Already Positive Psychology studies the effects of good feelings in people’s lives, seeking the meaning to what is healthier for the patient, looking to enhance and extend aspects of their quality of life and even helping to prevent future pathologies.

According to scholars of Positive Psychology, like Seligman (2012) , knowing the personal weaknesses is its relevance, but is not enough to promote prevention. We are not criticizing the traditional way of do Psychology, and recognize its effectiveness and importance, there is only a new/different way of thinking about the work within the area, here remembering the extension to the prospect of healthy human aging on the size of Late Adulthood, said Mosquera (1987) and also highlighted by Stobäus, & Mosquera (2014) .

And as work within this line psychologists and educators can help patients/persons? They are seeking help them discover within themselves those qualities that have been developed throughout their lives, helping to identify its most positive aspects, encouraging them to positively take care of themselves. Seek to highlight the patient's character strengths (such as creativity and hope), as well as their individual talents. Thus promoting greater flexibility of thought so that they can analyze their prospects in challenging situations previously unknown, increasing tolerance to frustration and imperfection, providing a sense of self-acceptance. Some of these ideas are also emphasized by Hutz (2014) .

Turn out D’Araújo, Alpuim, Rivero, & Marujo (2015) that intervention strategies in clinical Positive Psychology include: 1) gradual promotion of hope; 2) developing and improving interpersonal skills; c) Construction of protective forces. Thus, part of the search for pleasure (hedonism), the personal growth and a way of life in a healthier future prospective.

As Yanfen, Keli, Jianhua, Jun, & Jianying (2012) , lately the scientific literature related to Positive Psychology has grown significantly in several countries.

However, in Brazil, this growth has not been as significant as Pureza, Kuhn, Castro, & Lisboa (2012) . Given this reality, we realized that the elderly have not been investigated so, in our Brazilian context, possibly not in other countries. This situation tends to change with the Health Psychology in various conferences and meetings in the last ten years, as well as research in Master and Doctor Degree Courses in Geriatrics and Gerontology, one of these is at our University-PUCRS.

The work of Lowry, Vallejo, & Studenski (2012) discusses the positive aspects of this stage of adulthood, and used the following expressions: “healthy aging”, “successful aging”, “active aging”, “optimal aging” and “lately positive aging”.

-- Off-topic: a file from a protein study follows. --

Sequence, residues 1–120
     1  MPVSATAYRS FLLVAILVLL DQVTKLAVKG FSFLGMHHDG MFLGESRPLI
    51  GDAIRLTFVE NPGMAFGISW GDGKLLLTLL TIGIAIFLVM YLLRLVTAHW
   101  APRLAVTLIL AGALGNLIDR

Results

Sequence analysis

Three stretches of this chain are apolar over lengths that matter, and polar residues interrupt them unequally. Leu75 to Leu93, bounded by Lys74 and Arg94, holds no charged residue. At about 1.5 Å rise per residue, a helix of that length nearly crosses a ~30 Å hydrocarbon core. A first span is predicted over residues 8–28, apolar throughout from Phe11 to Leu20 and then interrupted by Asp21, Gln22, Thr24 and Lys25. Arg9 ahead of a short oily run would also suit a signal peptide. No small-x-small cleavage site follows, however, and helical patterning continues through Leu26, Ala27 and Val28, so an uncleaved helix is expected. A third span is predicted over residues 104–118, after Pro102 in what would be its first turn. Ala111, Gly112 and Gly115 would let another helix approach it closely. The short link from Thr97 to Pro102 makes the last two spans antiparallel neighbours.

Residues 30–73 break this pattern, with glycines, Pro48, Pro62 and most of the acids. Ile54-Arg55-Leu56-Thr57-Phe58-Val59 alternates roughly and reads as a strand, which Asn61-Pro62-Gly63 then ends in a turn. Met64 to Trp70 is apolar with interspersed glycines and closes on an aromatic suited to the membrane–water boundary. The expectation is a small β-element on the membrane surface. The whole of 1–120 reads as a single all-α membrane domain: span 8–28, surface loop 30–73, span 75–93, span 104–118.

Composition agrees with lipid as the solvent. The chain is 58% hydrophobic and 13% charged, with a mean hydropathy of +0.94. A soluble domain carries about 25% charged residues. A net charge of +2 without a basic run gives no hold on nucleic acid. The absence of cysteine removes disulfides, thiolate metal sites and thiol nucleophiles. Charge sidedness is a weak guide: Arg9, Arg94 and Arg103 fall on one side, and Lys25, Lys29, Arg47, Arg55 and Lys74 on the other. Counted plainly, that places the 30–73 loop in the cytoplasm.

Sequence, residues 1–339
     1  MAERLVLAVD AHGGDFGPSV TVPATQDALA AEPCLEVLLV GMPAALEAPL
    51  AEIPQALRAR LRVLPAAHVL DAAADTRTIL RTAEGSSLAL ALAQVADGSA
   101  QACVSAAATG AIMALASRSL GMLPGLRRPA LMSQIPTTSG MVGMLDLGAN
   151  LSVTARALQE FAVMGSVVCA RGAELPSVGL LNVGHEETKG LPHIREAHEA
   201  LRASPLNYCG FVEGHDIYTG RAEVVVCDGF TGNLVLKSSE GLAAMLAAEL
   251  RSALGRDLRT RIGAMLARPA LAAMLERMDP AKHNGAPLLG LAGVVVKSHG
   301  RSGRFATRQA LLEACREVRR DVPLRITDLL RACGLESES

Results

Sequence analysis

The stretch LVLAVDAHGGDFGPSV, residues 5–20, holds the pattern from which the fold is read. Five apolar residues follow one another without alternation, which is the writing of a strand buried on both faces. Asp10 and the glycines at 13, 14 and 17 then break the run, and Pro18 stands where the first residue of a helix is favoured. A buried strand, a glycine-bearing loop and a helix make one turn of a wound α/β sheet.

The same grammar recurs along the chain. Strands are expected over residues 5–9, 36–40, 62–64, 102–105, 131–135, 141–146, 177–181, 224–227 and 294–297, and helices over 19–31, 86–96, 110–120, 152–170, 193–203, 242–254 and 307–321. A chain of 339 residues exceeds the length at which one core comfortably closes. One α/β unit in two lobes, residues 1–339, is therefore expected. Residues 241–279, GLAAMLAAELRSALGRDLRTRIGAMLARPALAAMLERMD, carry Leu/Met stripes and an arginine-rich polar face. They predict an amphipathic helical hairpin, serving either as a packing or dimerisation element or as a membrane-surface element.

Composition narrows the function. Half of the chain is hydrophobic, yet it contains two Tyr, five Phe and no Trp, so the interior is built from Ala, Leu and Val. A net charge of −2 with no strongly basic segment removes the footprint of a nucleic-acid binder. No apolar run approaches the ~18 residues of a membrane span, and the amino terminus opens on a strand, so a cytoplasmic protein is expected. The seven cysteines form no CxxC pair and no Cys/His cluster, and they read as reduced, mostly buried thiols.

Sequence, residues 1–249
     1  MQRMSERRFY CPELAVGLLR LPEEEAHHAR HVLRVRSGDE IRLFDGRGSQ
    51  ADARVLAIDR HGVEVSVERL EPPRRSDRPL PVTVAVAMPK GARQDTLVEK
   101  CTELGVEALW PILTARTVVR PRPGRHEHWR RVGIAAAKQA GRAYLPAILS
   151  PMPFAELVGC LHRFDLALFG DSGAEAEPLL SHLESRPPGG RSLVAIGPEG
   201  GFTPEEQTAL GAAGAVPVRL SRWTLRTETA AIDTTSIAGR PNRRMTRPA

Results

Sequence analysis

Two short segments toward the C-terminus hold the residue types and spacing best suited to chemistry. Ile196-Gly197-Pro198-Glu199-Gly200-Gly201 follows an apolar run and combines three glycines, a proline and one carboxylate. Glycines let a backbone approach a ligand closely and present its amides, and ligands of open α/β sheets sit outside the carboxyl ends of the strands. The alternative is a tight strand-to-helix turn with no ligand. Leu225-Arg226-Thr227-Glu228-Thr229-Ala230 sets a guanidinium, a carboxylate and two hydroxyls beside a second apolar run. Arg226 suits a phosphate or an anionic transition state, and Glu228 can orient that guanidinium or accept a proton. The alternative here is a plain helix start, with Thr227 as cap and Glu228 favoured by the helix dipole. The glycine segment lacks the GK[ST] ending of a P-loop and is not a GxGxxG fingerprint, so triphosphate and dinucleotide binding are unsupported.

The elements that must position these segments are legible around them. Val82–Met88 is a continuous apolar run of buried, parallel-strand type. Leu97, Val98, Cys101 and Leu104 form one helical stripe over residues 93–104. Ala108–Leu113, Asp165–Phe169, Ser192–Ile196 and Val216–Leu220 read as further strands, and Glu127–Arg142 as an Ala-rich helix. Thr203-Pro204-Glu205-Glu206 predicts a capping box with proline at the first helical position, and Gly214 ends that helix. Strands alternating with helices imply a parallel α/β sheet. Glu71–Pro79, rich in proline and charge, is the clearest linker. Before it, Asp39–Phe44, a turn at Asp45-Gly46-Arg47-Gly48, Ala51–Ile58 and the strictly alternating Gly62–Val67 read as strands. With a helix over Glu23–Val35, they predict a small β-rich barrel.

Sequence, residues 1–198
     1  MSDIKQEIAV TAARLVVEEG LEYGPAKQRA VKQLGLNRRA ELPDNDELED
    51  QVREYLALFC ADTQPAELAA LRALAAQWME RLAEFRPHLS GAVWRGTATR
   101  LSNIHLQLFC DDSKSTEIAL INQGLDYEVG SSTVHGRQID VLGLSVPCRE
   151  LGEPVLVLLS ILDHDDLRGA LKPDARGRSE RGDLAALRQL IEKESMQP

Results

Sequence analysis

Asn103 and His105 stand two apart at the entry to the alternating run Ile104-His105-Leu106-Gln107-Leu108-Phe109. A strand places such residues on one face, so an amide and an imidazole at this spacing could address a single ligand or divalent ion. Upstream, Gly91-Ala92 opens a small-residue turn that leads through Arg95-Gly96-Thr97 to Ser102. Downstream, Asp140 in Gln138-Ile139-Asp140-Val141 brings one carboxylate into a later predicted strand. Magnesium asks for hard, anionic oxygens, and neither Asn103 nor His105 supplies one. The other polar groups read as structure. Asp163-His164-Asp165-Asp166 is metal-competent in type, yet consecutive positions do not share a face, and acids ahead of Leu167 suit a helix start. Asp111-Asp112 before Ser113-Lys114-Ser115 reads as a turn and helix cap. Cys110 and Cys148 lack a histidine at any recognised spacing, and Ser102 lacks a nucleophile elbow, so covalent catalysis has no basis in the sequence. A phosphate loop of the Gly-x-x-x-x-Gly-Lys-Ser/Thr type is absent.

According to Vaillant (2003) there are seven indicators that predict greater well-being in people with advanced age: 1) friendships and pleasant companies that are grown throughout life; 2) be engaged with someone in a genuine way; 3) have a good marriage; 4) if you make use of alcohol or tobacco, that this is done in a controlled manner abstinence or controlled use of alcohol and tobacco; 5) the healthy occupation time; 6) the cultivation of social relations; 7) subjective well-being. As to the subjective well-being, we remember the fact that you feel good just having a more positive impact on older than simply owning/maintaining your health.

In studies aimed at investigating the benefits that positive emotions bring to health, with regard to the prevention of chronic diseases, we have access to Ostir, Markides, Peek, & Goodwin (2001) and Steptoe, Wardle, & Marmot (2005) works, which stand to think more positive about their experiences reflected in higher quality of life.

Interventions of Positive Psychology facing late adult aim that someone person cultivate his own existence more positively, increasing well-being and life satisfaction.

A better proposal of Positive Psychology intervention model with elderly have to help rethink the concept of life and revise beliefs about aging, learn how to turn the attention to positive aspects and learn from the experiences, encourage self-knowledge of personal qualities, the roles played and life missions, enhance self-care, exploring the acts to thank and forgive.

Finally must be able to create and achieve a goal, as they say Estrela-Dias & Pais-Ribeiro (2012) , working since the late 90’s within the Health Psychology field, these aspects that seem to be “abandoned” at this final stage of their life, by the person and also with whom he/she lives.